Working with Files

Learning Goals

  • Recognize the significance of files in modern computing systems
  • Be able to create a new file from the command line, our editor, and ruby
  • Be able to read data from a file from the command line, our editor, and ruby
  • Be able to write data to a file from the command line, our editor, and ruby
  • Be able to read command-line arguments from within a ruby program using ARGV


  • 5 - Warmup
  • 15 - Understanding Terms
  • 20 - Exercising Raw Files
  • 5 - Progress Checks & Questions


  • Unix Command
  • File I/O (Input/Output)
  • Argument Vector (ARGV)


Spend 5 minutes answering the following questions:

  1. What Unix commands (command line commands) do you use for creating/reading/writing files?
  2. Name 3 kinds of files you’ve worked with in the past.
  3. Why would you want to read files, especially text files, in a Ruby application?
  4. What other kinds of files might you want to read from a program?

Reading & Writing to Files

Interacting with Files from the Command Line

Creating an Empty File

  • Using touch from the command line
    Creates a file in your present working directory(pwd).
touch <filename>

Reading an Existing File

  • Using cat in your terminal
    Prints out the contents of your file.
cat <filename>

Writing Data to a File

  • Using echo to add content from the command line
echo "test" > <filename>
  • Using cat to add content from the command line
cat > <filename>

Interacting with Files in a Ruby Program

From Pry or IRB

Creating an Empty File

  • Using Ruby and
    Creates a Ruby File object that is “writable.”<filename>, "w")

Reading an Existing File

  • Using Ruby
    Creates a Ruby File object that is “readable.”
file ='<filename>', "r") 

Writing Data to a File

  • Using Ruby and File.write() in Pry, IRB, or your Ruby file.
new_file ='<filename>', "w")
new_file.write("all the text you want")

Command-line Arguments and ARGV

Working with files represents 1 common way our ruby programs will interact with the system environment.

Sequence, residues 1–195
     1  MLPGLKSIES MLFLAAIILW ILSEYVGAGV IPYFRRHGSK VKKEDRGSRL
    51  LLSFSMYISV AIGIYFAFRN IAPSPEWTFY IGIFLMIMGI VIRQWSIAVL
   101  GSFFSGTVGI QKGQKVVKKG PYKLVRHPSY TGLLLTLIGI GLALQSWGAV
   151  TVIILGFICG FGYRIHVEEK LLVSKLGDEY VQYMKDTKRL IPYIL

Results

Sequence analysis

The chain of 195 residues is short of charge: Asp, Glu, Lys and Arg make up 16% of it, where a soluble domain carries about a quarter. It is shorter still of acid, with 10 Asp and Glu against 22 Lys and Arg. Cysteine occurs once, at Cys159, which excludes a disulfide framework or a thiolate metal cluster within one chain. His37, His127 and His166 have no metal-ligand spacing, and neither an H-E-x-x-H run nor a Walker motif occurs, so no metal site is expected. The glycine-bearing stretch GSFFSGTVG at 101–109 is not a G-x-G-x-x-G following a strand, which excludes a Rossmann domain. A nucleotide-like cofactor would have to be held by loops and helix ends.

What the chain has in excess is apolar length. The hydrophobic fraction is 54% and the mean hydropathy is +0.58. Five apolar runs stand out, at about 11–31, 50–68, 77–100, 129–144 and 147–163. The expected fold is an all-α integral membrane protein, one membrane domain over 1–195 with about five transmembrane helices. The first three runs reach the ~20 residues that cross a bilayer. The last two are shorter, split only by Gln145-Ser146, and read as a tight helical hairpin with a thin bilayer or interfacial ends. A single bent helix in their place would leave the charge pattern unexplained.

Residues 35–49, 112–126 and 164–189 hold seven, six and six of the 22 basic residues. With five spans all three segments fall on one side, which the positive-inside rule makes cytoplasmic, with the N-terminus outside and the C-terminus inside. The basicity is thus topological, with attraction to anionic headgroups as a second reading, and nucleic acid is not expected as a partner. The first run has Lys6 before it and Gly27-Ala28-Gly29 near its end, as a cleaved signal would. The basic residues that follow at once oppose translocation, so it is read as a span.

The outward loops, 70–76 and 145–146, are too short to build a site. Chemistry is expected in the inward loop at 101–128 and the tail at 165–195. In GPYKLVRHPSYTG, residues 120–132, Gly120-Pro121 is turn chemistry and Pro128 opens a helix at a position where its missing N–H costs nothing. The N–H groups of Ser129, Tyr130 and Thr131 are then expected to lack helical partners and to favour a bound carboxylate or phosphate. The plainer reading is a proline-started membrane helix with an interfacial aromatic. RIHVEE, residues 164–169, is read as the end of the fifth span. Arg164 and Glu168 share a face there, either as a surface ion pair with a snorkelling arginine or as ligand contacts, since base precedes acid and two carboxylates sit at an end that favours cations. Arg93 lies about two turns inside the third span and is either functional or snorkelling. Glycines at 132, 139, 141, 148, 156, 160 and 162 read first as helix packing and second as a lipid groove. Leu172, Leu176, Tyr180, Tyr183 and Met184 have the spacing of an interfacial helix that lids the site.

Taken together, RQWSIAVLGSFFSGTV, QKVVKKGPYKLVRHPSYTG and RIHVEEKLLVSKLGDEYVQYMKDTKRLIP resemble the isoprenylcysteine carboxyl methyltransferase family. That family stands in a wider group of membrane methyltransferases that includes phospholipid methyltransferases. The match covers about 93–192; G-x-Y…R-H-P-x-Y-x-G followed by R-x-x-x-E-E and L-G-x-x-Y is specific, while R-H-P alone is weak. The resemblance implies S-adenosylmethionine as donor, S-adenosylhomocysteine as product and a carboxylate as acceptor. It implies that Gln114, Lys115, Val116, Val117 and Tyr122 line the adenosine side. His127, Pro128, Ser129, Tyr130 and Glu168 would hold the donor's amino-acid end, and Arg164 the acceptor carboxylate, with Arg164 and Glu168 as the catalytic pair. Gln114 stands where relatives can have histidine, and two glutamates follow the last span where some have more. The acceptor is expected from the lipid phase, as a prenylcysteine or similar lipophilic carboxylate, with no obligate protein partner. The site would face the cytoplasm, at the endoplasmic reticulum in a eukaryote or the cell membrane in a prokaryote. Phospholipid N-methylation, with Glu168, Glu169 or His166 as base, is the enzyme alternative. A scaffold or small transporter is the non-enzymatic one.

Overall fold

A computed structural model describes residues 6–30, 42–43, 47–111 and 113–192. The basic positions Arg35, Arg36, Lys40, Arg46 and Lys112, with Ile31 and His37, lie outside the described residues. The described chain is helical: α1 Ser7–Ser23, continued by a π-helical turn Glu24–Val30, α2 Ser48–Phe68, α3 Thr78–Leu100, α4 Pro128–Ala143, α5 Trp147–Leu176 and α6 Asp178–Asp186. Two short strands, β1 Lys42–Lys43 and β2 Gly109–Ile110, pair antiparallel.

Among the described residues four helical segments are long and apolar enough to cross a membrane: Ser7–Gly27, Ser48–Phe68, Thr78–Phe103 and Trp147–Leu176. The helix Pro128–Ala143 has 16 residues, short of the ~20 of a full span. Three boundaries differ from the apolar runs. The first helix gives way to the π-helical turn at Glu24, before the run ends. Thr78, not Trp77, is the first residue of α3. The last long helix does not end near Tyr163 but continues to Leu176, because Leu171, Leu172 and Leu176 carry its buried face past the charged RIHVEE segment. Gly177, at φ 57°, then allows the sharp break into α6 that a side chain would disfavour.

Another common interaction involves reading “Command Line Arguments”

So far we’ve basically used our command line as a way to tell our computer to run various ruby files. I enter this command, this file is run. However, it might be more useful to think of it as a communication tool in which the developer can communicate with their computer, their ruby program, etc.

Reading Arguments from a Ruby Program

  • ARGV - Argument Vector is basically a special array
  • Arguments from the command line are provided as strings in the ARGV array
  • Arguments are separated by spaces in the command line
  • ARGV is a “constant” and is globally accessible from anywhere in a ruby program

From the command line:

ruby colors.rb red.txt blue.txt

In your file:

ARGV == ["red.txt", "blue.txt"]
ARGV[0] == "red.txt"
ARGV[1] == "blue.txt"


Work with a partner next to you to do the following:

Use cat to create a quiet_quotes.txt from the command line and paste the following into it:

Bob Ross Quotes
“We don't make mistakes, just happy little accidents.”
“Talent is a pursued interest. Anything that you're willing to practice, you can do.”
“There's nothing wrong with having a tree as a friend.”
“I guess I’m a little weird. I like to talk to trees and animals. That’s okay though; I have more fun than most people.”
“All you need to paint is a few tools, a little instruction, and a vision in your mind.”
“The secret to doing anything is believing that you can do it. Anything that you believe you can do strong enough, you can do. Anything. As long as you believe.”
“I started painting as a hobby when I was little. I didn't know I had any talent. I believe talent is just a pursued interest. Anybody can do what I do.”
“Mix up a little more shadow color here, then we can put us a little shadow right in there. See how you can move things around? You have unlimited power on this canvas -- can literally, literally move mountains”
“Let's build a happy little cloud. Let's build some happy little trees.”

Using ARGV, write a Ruby script that will take in the above file and write out an all caps version to loud_quotes.txt.

The program must be executed from the command line like so:

ruby <filename.rb> quiet_quotes.txt loud_quotes.txt

Additional Resources

Reading/Writing to Files with Ruby Video More on cat

Lesson Search Results

Showing top 10 results